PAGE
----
It’s hardly a scientific assessment, but the most successful Lego sets are those based on boxy vehicles with straight lines and angular edges. The Land Rover Defender, Caterham Seven, and Mercedes-Benz Unimog provide the evidence to support our case.

Which might explain why the Lego Audi 90 Quattro IMSA GTO has caught our eye. It’s as though its oh-so-1980s shoulder pads-style arches were built with plastic bricks in mind. Its sharp-cornered body is almost a visual metaphor for the way the 710-hp monster treated bends. Why slow down when you have this much grip at your disposal?

For a brief and exhilarating period, the Audi 90 Quattro dominated America’s IMSA GT Championship, winning seven races to finish second in class in 1989. Audi would almost certainly have won the constructors’ championship had it not elected to miss the opening races at Daytona and Sebring.

Audi moved to the IMSA series after the Sports Car Club of America (SCCA) banned the use of all-wheel-drive in the Trans-Am series. The Audi 200 Quattros driven by Hurley Haywood, Walter Röhrl, and Hans-Joachim Stuck dominated Trans-Am in 1988, winning eight of the 13 races.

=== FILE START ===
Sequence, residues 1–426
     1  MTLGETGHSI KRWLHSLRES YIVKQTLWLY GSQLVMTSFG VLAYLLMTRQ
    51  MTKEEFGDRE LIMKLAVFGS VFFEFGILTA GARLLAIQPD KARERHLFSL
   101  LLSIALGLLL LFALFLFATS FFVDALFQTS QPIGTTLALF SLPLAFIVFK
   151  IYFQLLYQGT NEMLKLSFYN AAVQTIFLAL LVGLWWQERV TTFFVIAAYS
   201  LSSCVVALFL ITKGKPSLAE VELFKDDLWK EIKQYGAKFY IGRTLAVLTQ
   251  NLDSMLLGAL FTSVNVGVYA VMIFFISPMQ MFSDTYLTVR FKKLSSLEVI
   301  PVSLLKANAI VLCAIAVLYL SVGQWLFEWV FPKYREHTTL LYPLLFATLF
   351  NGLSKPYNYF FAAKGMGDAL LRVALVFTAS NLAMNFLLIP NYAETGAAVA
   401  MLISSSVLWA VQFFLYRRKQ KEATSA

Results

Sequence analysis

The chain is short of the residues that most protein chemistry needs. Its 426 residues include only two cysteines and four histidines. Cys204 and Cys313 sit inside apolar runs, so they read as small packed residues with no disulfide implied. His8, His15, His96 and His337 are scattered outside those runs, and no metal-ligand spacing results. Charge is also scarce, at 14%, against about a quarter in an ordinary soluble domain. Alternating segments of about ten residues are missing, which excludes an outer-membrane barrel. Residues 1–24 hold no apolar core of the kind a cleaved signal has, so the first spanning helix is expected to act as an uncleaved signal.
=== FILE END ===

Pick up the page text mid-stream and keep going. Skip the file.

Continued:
“We were so good with our traction, they banned us from Trans-Am. So the next step was IMSA,” Stuck told Road & Track.

The race car shared little with the production Audi 90—only the wheelbase and roof remained. The rest of the car boasted tubular spaceframe construction, a first for the company. With a massive KKK turbocharger fitted to its 2.2-liter five-cylinder engine, the 90 Quattro GTO could hit 62 mph in 2.7 seconds before going on to reach a top speed of 195 mph.

Stuck, who won four consecutive IMSA GT races in 1989, said: “This was one of my favorite cars … The weight and power ratio and all-wheel drive system. The sound. We had this pressure valve before the turbocharger, which gives the pssch-chirp-chirp! And then the ability to do with this car what you wanted… It was like being in heaven.”

Audi pulled out of IMSA after the 1989 season, moving to DTM to race the V-8 Quattro, so we’ll have to assume that the 90 would have dominated the 1990 series. A case of what might have been.

This isn’t an official Lego set. MOC stands for ‘My Own Creation’ and it enables you to create a Lego kit on commission from unused Lego parts. The 90 is the work of US creator JMPmodels, who says it’s “the most realistic and accurate version you’ll find and is mainly aimed at experienced builders”.

The 358-piece kit costs around £100 ($121) after you’ve bought the PDF instructions. Details include the five-cylinder engine, exhaust, dashboard, and seat for one Lego minifigure. Just add ‘pssch-chirp-chirp’ soundtrack and flames from the exhaust.

As for the next MOC, does anyone fancy coming up with a design for the Ineos Grenadier?

Via Hagerty UK